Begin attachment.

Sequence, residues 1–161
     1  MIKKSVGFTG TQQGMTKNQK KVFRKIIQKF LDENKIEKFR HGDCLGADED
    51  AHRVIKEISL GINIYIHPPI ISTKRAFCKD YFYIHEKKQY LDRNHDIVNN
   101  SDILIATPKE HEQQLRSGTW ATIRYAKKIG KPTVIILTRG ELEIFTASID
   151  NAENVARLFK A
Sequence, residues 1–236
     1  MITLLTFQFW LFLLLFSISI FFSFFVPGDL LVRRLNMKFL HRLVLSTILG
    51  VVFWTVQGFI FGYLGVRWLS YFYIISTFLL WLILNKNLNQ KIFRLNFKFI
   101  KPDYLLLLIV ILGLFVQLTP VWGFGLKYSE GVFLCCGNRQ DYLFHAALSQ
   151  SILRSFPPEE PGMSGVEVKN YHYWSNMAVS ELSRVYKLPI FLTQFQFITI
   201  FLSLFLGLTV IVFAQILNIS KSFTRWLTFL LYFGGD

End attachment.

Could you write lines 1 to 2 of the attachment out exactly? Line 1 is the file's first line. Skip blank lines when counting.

Sequence, residues 1–161
     1  MIKKSVGFTG TQQGMTKNQK KVFRKIIQKF LDENKIEKFR HGDCLGADED